2013 OHSTC 16

Date: 2013-05-02

Case No.: 2010-35

Rendered at: Ottawa


Correctional Service of Canada, Appellant


Union of Canadian Correctional Officers-CSN, Respondent

Redacted version

Matter: Appeal under subsection 146(1) of the Canada Labour Code against a direction issued by a health and safety officer.

Decision: The direction is rescinded.

Decision rendered by: Mr. Jean-Pierre Aubre, Appeals Officer

Language of decision: English

For the appellant: Ms. Caroline Engmann, Counsel, Treasury Board Secretariat Legal Services

For the respondent: Ms. Peggy E. Smith, Counsel


[1] The present appeal has been brought by the Correctional Service of Canada pursuant to subsection 146(1) of the Canada Labour Code (Code) against a direction issued on September 15, 2010, by Health and Safety Officer (HSO) Bob Tomlin, pursuant to paragraph 145(2)(a) of the Code. That direction ordered the appellant employer to take measures to correct the hazard or condition that, in the HSO’s opinion, constituted a danger. The normal descriptive used to refer to such a direction is that it constitutes a “danger direction”. The said direction was issued by HSO Tomlin at the conclusion of the latter’s investigation into a complaint that had been made by a Correctional Service of Canada Officer (Kerri Ludlow) pursuant to subsection 127.1 (1) of the Code concerning certain existing conditions at the Fenbrook Medium Security Institution.

[2] The internal complaint resolution process under section 127.1 of the Code that had been followed in the case of that complaint had not brought satisfactory results, in the opinion of CO Ludlow, who had then requested that the matter be investigated by a Health and Safety Officer. The text of the direction that describes the condition constituting a “danger”, although quite lengthy, needs to be cited at length because it provides a fairly comprehensive picture of the HSO’s conclusions regarding factual circumstances creating the need for a “danger direction”. HSO Tomlin thus describes the condition(s) that constitute a danger to an employee, in this instance CO Ludlow, while at work at Fenbrook Institution as follows:

Inmates have free egress from bedrooms and ranges in at least [text redacted] of the living units and are known to be active during all hours. Officers conducting counts and patrols on the morning shift [text redacted]. The current method of conducting counts and patrols on morning shift requires [text redacted]. Further, it is not unexpected that a second event requiring emergency response, such as a cell alarm, would be required after the first response had been implemented. [Text redacted].

Further to this, Correctional Service Canada has become aware of changes in Offender profiles through a 2009 internal report titled National Working Group Report on Medium Security. The report indicates the inmate population is increasingly characterized by offenders with a violent criminal history. In June of 2009 the Commissioner gave evidence to the Standing Committee on Public Safety and National Security indicating the offender profile had changed significantly and posed serious challenges to the service. There is a substantial increase in inmates with a moderate level of institutional adjustment, gang affiliations and admissions to segregation at Fenbrook. I understand this institution was designed to accommodate inmates with a low institutional adjustment based on the open concept and free egress design of the facility. Added to this is the increase in bed pressure in the region, resulting in double bunking that is expected to continue.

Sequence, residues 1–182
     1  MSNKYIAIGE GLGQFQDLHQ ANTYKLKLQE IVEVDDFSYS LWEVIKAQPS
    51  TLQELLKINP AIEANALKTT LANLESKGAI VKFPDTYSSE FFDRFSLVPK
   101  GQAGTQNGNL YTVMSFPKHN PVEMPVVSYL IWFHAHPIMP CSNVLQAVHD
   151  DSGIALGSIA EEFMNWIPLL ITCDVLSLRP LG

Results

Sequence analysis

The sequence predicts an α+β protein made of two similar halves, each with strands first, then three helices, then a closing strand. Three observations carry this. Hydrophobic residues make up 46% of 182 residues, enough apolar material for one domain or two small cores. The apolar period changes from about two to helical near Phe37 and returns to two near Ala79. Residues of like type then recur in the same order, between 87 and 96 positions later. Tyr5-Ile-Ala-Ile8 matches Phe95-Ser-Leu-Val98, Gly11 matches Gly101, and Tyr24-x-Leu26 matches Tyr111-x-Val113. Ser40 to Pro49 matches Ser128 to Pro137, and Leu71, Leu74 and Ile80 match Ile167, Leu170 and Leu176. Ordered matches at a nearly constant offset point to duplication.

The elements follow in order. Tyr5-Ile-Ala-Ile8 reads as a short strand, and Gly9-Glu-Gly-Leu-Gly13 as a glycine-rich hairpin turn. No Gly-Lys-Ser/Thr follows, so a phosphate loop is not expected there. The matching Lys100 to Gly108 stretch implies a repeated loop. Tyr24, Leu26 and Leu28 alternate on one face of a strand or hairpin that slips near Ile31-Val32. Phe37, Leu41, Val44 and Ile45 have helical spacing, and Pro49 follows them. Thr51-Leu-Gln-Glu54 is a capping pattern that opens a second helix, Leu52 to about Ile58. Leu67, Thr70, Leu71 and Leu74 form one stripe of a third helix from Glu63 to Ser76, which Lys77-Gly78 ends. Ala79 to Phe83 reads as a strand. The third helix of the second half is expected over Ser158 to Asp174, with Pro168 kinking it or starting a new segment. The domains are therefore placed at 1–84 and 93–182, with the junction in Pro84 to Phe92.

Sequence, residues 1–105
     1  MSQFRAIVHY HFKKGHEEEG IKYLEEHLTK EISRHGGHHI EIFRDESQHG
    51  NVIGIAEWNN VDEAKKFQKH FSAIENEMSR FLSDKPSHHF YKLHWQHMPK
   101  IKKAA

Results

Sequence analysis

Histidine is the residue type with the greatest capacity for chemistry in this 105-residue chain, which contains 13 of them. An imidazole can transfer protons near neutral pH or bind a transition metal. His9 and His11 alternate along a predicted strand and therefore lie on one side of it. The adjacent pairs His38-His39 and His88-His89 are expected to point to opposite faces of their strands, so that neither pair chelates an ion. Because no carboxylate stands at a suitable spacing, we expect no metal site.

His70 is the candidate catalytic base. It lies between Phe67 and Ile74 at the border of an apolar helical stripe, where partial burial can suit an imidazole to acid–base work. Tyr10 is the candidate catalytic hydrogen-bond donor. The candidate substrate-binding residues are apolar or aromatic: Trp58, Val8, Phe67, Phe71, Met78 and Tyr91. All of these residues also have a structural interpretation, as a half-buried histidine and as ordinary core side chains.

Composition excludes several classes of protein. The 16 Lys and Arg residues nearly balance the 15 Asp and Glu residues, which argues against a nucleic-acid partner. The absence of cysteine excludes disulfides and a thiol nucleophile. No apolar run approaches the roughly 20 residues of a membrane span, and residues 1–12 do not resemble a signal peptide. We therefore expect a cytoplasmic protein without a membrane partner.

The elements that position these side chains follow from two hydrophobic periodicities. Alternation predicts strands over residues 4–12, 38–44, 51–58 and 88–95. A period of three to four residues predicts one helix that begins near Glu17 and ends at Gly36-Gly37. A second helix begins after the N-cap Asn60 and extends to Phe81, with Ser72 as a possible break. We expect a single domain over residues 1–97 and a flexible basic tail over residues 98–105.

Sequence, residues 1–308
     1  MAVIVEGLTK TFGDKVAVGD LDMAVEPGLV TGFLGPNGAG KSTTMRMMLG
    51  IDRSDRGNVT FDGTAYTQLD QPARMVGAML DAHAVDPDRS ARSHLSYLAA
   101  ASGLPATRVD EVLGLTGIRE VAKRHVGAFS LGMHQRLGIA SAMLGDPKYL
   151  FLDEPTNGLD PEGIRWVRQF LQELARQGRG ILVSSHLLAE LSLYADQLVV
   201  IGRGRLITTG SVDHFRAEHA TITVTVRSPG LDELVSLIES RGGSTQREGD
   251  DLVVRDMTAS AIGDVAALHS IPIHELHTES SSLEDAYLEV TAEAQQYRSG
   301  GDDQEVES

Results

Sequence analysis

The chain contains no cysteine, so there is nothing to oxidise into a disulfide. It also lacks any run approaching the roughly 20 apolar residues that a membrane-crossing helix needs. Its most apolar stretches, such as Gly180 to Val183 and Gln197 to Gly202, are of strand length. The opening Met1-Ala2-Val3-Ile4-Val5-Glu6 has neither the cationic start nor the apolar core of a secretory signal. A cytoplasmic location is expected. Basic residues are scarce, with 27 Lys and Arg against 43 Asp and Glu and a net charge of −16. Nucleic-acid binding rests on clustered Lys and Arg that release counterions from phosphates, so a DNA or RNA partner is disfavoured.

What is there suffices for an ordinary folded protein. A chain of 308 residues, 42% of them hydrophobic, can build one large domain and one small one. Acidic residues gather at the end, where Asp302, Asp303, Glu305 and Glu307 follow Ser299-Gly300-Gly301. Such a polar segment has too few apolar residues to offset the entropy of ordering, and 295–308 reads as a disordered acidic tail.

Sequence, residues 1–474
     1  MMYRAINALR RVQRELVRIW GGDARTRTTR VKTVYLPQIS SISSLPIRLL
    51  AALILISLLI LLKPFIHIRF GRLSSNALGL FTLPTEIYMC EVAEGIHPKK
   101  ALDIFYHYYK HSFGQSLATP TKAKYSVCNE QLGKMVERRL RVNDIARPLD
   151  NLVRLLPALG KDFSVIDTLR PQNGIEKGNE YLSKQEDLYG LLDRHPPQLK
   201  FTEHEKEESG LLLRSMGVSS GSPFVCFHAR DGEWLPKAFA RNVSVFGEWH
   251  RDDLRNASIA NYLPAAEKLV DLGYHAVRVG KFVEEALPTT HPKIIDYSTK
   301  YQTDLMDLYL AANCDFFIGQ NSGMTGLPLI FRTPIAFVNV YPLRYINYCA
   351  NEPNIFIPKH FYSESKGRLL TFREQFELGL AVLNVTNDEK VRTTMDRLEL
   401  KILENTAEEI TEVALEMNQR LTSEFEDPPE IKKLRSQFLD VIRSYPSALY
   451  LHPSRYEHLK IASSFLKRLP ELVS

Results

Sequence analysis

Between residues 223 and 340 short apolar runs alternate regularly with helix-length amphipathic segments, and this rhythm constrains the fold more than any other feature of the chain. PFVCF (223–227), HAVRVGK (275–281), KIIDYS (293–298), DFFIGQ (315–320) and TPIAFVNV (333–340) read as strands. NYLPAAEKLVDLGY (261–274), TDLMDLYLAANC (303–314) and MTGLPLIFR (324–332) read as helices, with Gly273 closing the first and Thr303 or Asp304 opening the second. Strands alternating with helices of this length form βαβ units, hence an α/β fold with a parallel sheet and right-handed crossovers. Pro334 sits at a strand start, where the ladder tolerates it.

[3] The HSO’s finding was thus based on two main factors to wit, security activities (counts and patrols) in a free egress setting on the so-called morning/midnight shift, and the changing offender profile in the Institution population linked to unpredictability of offender behaviour. Given the multiple elements identified by HSO Tomlin and recounted above in the body of the direction, he issued his “danger direction” based on the general employer obligation at section 124 of the Code that obviously he had concluded had been contravened and which requires every employer to which the Code applies to ensure that the health and safety at work of every person employed by the said employer be protected.


[4] The background information necessary for a complete understanding of the circumstances of the case and of the conclusions arrived at by HSO Tomlin can be derived from the testimony provided by the numerous witnesses presented by both the appellant and the respondent. While I have taken into account the considerable information supplied through such testimony, the Assignment Narrative Report prepared by HSO Tomlin provides a complete picture which has provided the undersigned with the necessary background information which, although somewhat lengthy, I find useful to reproduce at length herein. In a nutshell, complainant CO Ludlow had identified the following three issues that, in her opinion, adversely affected the health and safety of staff at Fenbrook Institution:

  • The offender profile of Fenbrook Institution had changed and had become significantly different than the design of the Institution intended;
  • On the morning shift, which is between [text redacted];
  • [Text redacted].

The appellant employer’s response to those concerns was essentially that:

  • Fenbrook Institution deploys staff in accordance with the National Deployment Standards for Correctional Officers;
  • The statistical data regarding inmate profile(s) at the Institution demonstrates no significant change in the offender population that would have an impact on staff or inmate safety;